Approved for Advanced Traders

MACD Divergence Strategy – Zooming in to 15 Minutes

 Full Review of the MACD Divergence Strategy for Binary Options

MACD, or moving average convergence divergence, is one of my favorite tools for binary options. It is useful in multiple timeframes, can be used with any asset and gives a variety of reliable signals. This strategy utilizes one of the standard divergence signals given by MACD for trading 15 minute charts.



What Is The MACD Divergence Strategy

 This is a strategy I found while surfing the web and one I can fully stand behind. This is a great application of a standard MACD signal and easy to apply to binary options. First, for those of you new to trading, MACD is a technical indicator used to measure market momentum. It measures the convergence and divergence of two moving averages, hence the name; Moving Average Convergence Divergence. It is an oscillator that can be displayed in two ways, standard and histogram. The standard view looks a lot like other oscillators including stochastic and RSI. It has two lines that move above and below each other and in between two extremes. The histogram is a pictographic view of the convergence and divergence of the two lines. Both views offer deep insight into market momentum but this strategy focuses on the histogram view.


Macd Divergence Strategy Example



How Does The MACD Divergence Strategy Work

 This strategy focuses on MACD divergences and seeks to capture the quick moves that come with corrections and reversals. The authors claim it is a “quick and reliable system and is based on standard MACD indicator”. I tend to agree with them but it does need a little tweaking. The system is based on a single indicator and a single signal, a practice I am not in tune with. However, combining the MACD divergence signal with another indicator like a Fibonacci, resistance line or EMA makes it much more reliable. So, what exactly is a MACD divergence? This is a semi-rare, contrarian signal that marks an impending market correction or relief rally. Looking at the shot of MACD above you can see that it is making a series of higher peaks followed by one lower peak. If those higher peaks were coincident with higher peaks in the market we would call them convergent. If the last and lower MACD peak happened while the market made a higher  high we would call that divergent. When a divergence happens it signals that momentum is weakening and that the market is ripe for pullback, correction or relief rally. This MACD shot was taken from the USD/JPY daily chart, the divergence came just before a major correction.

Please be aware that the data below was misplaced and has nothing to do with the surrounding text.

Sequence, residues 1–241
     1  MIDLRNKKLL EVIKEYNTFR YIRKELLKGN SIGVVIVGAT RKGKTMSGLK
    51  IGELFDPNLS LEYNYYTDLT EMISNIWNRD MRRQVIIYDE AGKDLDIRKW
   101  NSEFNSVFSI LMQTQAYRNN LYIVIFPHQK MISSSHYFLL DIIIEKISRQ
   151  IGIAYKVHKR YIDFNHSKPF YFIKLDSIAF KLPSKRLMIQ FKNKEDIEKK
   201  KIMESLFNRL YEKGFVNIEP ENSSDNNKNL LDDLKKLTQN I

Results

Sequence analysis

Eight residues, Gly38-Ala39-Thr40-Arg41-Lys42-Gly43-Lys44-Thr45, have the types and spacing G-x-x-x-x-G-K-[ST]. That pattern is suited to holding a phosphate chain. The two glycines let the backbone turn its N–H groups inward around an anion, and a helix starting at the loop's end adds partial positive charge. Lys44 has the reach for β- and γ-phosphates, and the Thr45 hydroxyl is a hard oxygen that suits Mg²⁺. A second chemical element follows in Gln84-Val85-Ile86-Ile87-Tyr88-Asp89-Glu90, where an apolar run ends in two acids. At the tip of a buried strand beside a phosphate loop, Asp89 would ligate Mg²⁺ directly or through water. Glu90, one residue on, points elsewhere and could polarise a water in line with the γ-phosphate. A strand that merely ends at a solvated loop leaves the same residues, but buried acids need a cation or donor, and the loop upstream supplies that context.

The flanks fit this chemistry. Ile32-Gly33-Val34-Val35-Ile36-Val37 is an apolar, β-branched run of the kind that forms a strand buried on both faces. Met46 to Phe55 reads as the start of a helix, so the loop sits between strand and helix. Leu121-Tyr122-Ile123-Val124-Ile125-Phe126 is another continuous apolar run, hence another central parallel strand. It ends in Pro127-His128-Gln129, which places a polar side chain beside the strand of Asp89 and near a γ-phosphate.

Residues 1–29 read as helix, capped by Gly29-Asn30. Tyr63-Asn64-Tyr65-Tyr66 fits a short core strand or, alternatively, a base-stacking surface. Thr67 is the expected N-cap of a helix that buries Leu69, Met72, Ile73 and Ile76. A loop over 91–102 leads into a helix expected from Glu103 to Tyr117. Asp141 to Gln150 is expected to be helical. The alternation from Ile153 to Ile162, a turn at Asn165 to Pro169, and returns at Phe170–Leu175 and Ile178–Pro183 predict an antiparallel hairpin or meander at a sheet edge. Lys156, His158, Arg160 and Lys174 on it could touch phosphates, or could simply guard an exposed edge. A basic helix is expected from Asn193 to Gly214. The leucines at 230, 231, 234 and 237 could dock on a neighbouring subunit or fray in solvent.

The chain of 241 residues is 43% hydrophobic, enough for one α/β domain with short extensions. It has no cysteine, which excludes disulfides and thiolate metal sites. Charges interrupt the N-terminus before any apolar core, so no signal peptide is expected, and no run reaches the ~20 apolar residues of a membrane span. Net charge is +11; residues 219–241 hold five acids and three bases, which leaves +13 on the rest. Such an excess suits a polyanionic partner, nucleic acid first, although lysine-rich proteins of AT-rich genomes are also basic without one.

MACD Strategy Example



Why the MACD Divergence Strategy Doesn’t Suck

 The great thing about MACD divergence is that it can happen in multiple time frames, be bullish or bearish, combines well with other techniques and it works with any asset with a price chart. These reasons add up to an indicator and system that definitely does not suck. Of course, I am biased because I love the MACD indicator and utilize divergence theory in my daily trading. This system uses the standard setting of 12-26-9, the same one I use. The signal is easy to spot with the suggested chart of 15 minute candles it will work well with expiry of 1-4 hours. For longer term traders simply move up to charts of one hour candles for end of day or end of week expiration and daily charts for one week to one month expiration.



Why the MACD Divergence Strategy does Sucks

 As written this strategy sucks. The signals are few and far between, unreliable and have vague entry points. The main reason for this is because it only uses one indicator and one signal. I find it odd that the main selling points of the strategy are also its main drawbacks. I mean seriously, the strategy is advertised as “easy to spot”, “only uses one indicator” and has a “high profit potential”. And they even admit that the entry and exits are “fuzzy”. Fuzzy may be good enough for you but I don’t like to trade on fuzzy signals, I like strong signals with easily identified entry targets.




The Last Word On The MACD Divergence Strategy

 This is a good strategy, don’t use it by itself though. Divergences are tricky little buggers that will tempt you into a high risk trade. The best thing will be to utilize the multiple time-frame technique and look for what I call a convergence of divergence. If you can find a divergence on a weekly chart, a daily chart and an hourly chart at the same time then odds are high that a contrarian position with a one hour to one expiration will pay off. Another way to maximize this strategy is to add other indicators to it. I like to use stochastic, trend line, Fibonacci and 30/150 bar EMA’s with my MACD. When these things combine to tell me a divergence could pay off it always pays to listen.